An appearance (see last paragraph on page) in the 1879 Arabia Egypt India, by Isabel Burton illustrates that uses of 'cimitar' in the 1800s were not limited to late 1800s and early 1900s recommendations for spelling reform. Likewise also numerous uses of 'cimitar' in the 1864 edition of Frank Hilton, or, "The Queen's Own", by James Grant, an instance in the 1850 Sketches and Rambles by J.T. Headley, and an instance in the 1810 edition of John and William Langhorne's translation of Plutarch's Lives.

Attestations of the 'cimitar' spelling variant in the 1700s are more difficult to find, but that paucity may be a function of the corpus (Google Books) characteristics. Although one instance appears in a 1765[?] printing of Mars Stript of His Armour: or, The Army Displayed in all its True Colours, by Edward Ward (1667-1731), I found no others; however, as can be seen in the title of the work, English orthography was unsettled. It remains unsettled today.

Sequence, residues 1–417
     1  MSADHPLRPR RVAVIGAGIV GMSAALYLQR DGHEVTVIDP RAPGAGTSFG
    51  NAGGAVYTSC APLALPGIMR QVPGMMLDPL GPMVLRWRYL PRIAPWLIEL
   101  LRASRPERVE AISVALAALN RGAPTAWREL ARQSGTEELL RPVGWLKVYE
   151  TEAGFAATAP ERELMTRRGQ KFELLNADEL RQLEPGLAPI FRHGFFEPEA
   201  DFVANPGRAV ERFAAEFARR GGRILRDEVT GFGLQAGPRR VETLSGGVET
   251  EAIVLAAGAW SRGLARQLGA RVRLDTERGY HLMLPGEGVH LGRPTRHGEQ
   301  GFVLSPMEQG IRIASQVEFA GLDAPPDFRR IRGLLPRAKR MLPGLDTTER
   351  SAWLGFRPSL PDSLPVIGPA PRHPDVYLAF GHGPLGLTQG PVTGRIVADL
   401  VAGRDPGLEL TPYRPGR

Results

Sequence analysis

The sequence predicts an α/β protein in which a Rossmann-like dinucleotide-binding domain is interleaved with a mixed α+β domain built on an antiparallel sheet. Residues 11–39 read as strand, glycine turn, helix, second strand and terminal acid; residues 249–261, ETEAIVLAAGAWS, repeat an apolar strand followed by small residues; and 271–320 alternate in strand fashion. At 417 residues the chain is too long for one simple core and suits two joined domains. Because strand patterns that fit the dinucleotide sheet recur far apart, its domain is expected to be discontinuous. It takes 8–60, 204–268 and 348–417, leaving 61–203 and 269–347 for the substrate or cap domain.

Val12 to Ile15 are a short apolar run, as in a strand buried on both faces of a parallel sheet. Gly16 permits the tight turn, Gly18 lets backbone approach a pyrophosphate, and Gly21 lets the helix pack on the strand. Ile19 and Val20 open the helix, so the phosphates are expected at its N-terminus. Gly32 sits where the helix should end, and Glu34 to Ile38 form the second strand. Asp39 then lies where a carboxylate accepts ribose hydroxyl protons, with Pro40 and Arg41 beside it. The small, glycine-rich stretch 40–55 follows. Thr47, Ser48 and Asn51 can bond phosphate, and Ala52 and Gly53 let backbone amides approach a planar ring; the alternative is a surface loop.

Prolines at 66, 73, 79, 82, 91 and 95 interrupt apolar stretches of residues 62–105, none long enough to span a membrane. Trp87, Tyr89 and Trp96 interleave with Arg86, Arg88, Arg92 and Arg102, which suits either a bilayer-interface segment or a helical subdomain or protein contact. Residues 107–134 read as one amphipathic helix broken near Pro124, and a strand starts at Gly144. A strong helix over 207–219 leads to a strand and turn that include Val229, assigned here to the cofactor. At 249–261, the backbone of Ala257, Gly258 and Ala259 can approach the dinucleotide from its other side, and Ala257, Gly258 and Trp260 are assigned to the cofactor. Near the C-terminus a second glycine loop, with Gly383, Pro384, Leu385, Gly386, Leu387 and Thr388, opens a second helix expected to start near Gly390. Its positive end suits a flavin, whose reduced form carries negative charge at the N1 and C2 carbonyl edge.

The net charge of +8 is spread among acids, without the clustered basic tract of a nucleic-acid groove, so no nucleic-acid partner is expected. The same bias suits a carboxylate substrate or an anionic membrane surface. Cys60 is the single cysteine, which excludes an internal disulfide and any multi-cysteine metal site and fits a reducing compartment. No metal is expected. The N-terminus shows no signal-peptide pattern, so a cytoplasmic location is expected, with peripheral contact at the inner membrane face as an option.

Contemporary use of the 'cimitar' variant is definitely not "the result of a spelling error in the early days of e-commerce". The variant could be seen as "an organically derived natural word", I suppose, but examination of the etymology provided by OED, in concert with the overview of historical use given in the foregoing, provides a more detailed look at influences affecting the spelling variants.

Specifically, the origin of 'scimitar' as presented by OED is that the word is of "multiple origins. Partly a borrowing from French. Partly a borrowing from Italian." The French etymon given is cimeterre and the Italian is scimitarra.

OED also notes that the Spanish and Portugese cimitarra should be compared with the Italian and French etymons. The influence of Spanish and Portugese spelling may have played a role in sponsoring the 'cimitar' spelling variant's English use.


It's difficult to find a dictionary with an entry for cimitar.

In any case, scimitar is a borrowed word, so the spelling can vary - for example, I did find both scimiter and cimeter.

This source also refers to cimitar as a variant spelling.